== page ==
Shaping the Preferred Outcome Involves Dr. Gregory Finch’s Specialty as an Orthopedic Surgeon Read more

Shaping the Preferred Outcome Involves Dr. Gregory Finch’s Specialty as an Orthopedic Surgeon

Having any kind of surgery can be difficult for many patients; whether it is elective surgery, or emergency surgery. Some patients will need orthopedic surgery once they reach a certain age in life. It is common for the elderly to undergo knee replacement, or hip replacement, if they reach a level of unbearable pain. These joint replacement surgeries can become a great source of relief to patients who generally return to a normal productive life in a very short recovery period.

When it comes to patients needing emergency surgery, it is typically the result of a traumatic event occurring that has damaged the musculoskeletal system requiring immediate repair. Common among these surgeries are damages related to sports injuries.

It is not uncommon for an athlete to twist a joint in an unusual pattern that not only causes severe pain, but also does substantial damage that requires immediate surgery before causing further destruction. These common traumas can be the repair of a femorial neck injury, repair of an ankle, or any type of severe bone fracture.

Dr. Greg Finch is highly qualified to assess and thoroughly determine the best treatment needed. After completing his studies at the Auckland University, Dr. Greg Finch received his credentials through the Fellow of Royal Australasian College of Surgeons (FRACS). He is one of most skilled and highly-trained surgeons throughout Australia. Dr. Greg Finch has spent many years in his career working with the leading experts internationally, in the field of orthopedic surgery, while in Germany and the United Kingdom.

Dr. Greg Finch has a specialty related to cervical spine and minimum invasive spine surgeries. He is a prominent surgeon who performs some of the most complex spinal revisions and reconstruction surgeries in the field of orthopedic surgery. Dr. Greg Finch is associated with Perth Royal Hospital, Sir Gairdner Charles Hospital, and the Shriners Children Hospital.

Greg Finch, an Australian Orthopedic Surgeon of Renown Read more

Greg Finch, an Australian Orthopedic Surgeon of Renown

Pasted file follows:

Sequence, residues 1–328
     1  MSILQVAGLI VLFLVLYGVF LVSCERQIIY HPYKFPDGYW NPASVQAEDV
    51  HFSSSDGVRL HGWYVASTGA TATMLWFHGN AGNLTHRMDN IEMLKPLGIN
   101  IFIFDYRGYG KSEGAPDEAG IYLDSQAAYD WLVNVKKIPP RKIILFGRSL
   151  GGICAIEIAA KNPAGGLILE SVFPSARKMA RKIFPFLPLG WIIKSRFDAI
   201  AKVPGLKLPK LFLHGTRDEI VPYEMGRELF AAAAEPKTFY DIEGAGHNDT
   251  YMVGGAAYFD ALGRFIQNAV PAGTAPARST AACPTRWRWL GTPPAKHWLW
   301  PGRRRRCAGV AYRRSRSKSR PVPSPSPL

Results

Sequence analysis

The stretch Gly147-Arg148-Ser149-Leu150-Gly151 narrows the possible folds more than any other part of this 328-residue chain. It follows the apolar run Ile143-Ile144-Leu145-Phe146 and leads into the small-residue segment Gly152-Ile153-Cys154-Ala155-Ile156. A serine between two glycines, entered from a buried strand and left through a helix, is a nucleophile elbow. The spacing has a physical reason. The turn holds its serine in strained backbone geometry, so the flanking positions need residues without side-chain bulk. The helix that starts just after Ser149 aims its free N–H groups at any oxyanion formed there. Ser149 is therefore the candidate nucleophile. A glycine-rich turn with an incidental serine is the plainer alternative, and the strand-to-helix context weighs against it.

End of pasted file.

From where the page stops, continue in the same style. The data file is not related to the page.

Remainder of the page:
Greg Finch, an Australian Orthopedic Surgeon, has an interest in Minimally invasive spine surgery. He has an impressive profile in Orthopedic Surgery. He practices at the Royal Australasian College of Surgeons, as well as other medical facilities.

Greg Finch received his training at MBChB Auckland Medical School and the FRAC Royal College Surgeons in Melbourne. Dr. Finch’s fields of expertise are also extensive. To list just a few, Anterior spinal fusion, Cervical spinal surgery, Spinal curvature, Spinal stenosis, and Lumbar radiculopathy. Greg Finch is a surgeon of renown in Australia.

One of the most common orthopedic surgeries is on the spine. There are distinct reasons that a person will seek back surgery, the most common being, back pain that interrupts the day to day tasks that you do.

Spinal Fusion where the orthopedic surgeon will join the vertebrae together and is the most common type of surgery for the back. However, this surgery, in time, will restrict the movement between the spinal bones and will, therefore, limit the stretching of the nerves. In actuality, the best thing is to try some physical therapy and pain management

Another of the common orthopedic procedures is Anterior Cruciate Ligament or ACL. This is the major ligament of the knee and the most stabilizing.

To perform this surgery, the doctor will remove the torn ligament and make a new one by using your tissue or that of a tissue donor. This will be attached to the knee bone with screws or some other device, whichever the Doctor deems the right one for you.

A third common surgery is to repair a herniated disc, which is also in the spine. A procedure called a discectomy is performed. Pieces of the herniated disc that are pressing on the nerve or the spinal cord are removed. They will also remove part of the lamina, or the bone at the back of the vertebra to reach the nerve and the disc.